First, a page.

Chapter five records a “funeral song” that Amos was to deliver, like so many of the prophets after him. If Israel did not repent, death was their certain end. No matter the size of their army, only ten percent could hope to survive (Amos 5:1-3). Yet it did not have to end that way; they had the opportunity to repent, which is what God wanted for them (Amos 5:4-6, 14-15). This included turning from their idols and disobedience. “The LORD, the God who commands armies” could stand either with them or against them, and their actions would determine which. God was not unaware; he knew of their cheating and injustice, greed and arrogance (Amos 5:7-13). He created the constellations and the seas, but they thought he could not deal with them (Amos 5:8-9)? Judgment was sure to come (Amos 5:16-17).
The chapter ends with a “woe,” one of only thirteen in all the prophets (including Amos 6:1). It seems that many people during this time were looking forward to “the day of the LORD” (Amos 5:18). Isaiah, who was a contemporary of Amos, spoke of Messiah’s coming reign (though he did not use the exact phrase, “the day of the LORD”), so it is possible that they thought that God’s coming judgment would be on their enemies only. However, Amos announced that God’s judgment would extend even to Israelites who rebelled against him, effectively making themselves enemies of Jehovah (Amos 5:18-27). If they did not repent, they would be exiled to “Damascus” in Assyria. The fable-like analogy of a man running from a lion, only to meet a bear, then being bitten by a viper in his own house would be humorous if not so sad; they would have nowhere to run (Amos 5:19).
Chapter four opens with a searing insult against the Israelite elites. Although Christians may often feel like calling out people like this, prophets were given latitude that we do not always have. When sharing the gospel of Jesus (including our warning of coming judgment in hell), we are challenged to “do it with courtesy and respect” (1 Peter 3:16) and to “conduct [ourselves] with wisdom…[letting our] speech always be gracious” (Colossians 4:5-6). Amos was obviously not under such restrictions with his message, calling the women cruel “cows” and lushes, fattened for their coming slaughter (Amos 4:1-3).
The people loved to offer their public sacrifices (like the people in Jesus’ day, Luke 20:45 – 21:4), yet they refused to acknowledge God when he tried to get their real attention with famine, drought, blight, plagues, and even destruction (Amos 4:4-11). Because of this, God promised to bring judgment, although he does not detail what kind (Amos 4:12-13). They thought they were meeting with him in their sacrifices, but here he told them to prepare to finally meet him.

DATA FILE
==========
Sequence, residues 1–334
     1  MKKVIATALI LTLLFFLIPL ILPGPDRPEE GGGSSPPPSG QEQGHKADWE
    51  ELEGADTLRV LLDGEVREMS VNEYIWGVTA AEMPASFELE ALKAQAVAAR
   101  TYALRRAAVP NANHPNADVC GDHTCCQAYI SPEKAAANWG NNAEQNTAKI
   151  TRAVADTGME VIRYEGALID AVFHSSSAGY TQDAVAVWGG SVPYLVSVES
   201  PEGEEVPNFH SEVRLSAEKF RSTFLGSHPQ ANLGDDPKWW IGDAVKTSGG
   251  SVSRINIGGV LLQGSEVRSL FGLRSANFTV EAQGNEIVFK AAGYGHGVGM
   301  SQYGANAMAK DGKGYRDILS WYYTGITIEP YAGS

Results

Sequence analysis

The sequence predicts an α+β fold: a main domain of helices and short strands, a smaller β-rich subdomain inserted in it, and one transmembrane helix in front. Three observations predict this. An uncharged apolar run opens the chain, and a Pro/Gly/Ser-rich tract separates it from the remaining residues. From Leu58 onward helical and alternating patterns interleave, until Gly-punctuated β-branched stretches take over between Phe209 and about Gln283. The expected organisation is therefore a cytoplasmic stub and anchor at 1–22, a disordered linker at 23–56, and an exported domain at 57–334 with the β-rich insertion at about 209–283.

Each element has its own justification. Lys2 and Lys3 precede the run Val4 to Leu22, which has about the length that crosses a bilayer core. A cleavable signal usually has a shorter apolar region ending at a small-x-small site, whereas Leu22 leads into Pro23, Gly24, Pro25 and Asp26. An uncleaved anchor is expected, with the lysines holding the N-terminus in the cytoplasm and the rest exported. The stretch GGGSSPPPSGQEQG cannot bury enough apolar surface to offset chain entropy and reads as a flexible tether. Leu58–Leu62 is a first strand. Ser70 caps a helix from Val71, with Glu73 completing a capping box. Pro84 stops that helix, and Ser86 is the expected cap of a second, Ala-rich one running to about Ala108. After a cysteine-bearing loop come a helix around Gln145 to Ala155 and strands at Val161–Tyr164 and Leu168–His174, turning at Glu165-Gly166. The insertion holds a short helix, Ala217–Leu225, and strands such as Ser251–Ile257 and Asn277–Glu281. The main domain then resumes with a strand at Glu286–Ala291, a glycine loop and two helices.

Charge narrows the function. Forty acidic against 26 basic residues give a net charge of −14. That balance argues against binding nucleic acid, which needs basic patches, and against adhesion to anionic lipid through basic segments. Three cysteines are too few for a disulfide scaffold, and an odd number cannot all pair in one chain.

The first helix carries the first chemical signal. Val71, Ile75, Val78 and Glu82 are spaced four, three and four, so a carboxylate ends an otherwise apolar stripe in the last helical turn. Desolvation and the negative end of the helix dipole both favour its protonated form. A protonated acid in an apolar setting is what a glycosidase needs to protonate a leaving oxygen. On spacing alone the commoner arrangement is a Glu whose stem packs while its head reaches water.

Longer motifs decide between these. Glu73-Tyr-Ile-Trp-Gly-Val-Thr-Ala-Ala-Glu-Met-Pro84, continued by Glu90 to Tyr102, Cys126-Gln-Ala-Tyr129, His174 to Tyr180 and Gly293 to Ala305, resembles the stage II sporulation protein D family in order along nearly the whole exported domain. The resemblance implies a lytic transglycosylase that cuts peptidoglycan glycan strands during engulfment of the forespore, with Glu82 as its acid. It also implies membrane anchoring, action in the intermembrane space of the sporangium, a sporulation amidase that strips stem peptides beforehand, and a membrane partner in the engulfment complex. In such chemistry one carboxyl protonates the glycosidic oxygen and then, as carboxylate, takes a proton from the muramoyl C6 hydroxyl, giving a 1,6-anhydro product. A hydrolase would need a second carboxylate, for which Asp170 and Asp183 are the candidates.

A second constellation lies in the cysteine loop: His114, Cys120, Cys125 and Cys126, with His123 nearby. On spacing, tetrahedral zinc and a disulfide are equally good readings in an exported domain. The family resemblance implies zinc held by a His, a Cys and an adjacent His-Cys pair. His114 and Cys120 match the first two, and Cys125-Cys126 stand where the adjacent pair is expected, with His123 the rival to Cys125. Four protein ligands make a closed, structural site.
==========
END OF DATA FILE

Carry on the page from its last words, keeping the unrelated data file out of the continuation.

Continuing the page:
Amos was not a prophet by trade. Instead he called himself “a herdsman who also took care of sycamore fig trees” (Amos 7:14; 1:1). From Tekoa in Judah, Amos was called by God to give a specific message to the northern kingdom of Israel. The message is dated “two years before the earthquake” during the reign of Uzziah in Judah (see Zechariah 14:8). The two kings mentioned – Jeroboam II of Israel and Uzziah of Judah – had overlapping reigns from 767-753 B.C., so Amos’ ministry must have occurred during this time.
This period in Israel and Judah was one of great prosperity for many people, so the fact that Amos preached disaster and judgment was readily mocked. In fact, his message and theme was relatively simple: Israel was involved in grave sin against God, so terrible judgment was coming if they did not stop. Not only was he specific in pointing out individual sins (many directly from the Torah ), he was colorful with word pictures, especially from nature, as one might expect from someone who spent a lot of time outdoors.
Chapter three begins with a series of “everyman” examples that Amos knew no one could miss. He used people, lions, birds, animal traps, and city watchmen for his word pictures (Amos 3:3-8). In case anyone was (or is) unsure whether this message applied to them, God clarified that it was “for the entire clan I brought up from the land of Egypt” (Amos 3:1), i.e., the whole nation of Israel and Judah. Whereas one could see the situations in Amos 3:3-6a as natural occurrences, Amos asked if God himself would not bring calamity as well (Amos 3:6b). However, just like the lions’ warning roar, God spoke through his prophets to warn of looming judgment, and Amos had to speak up (Amos 3:7-8).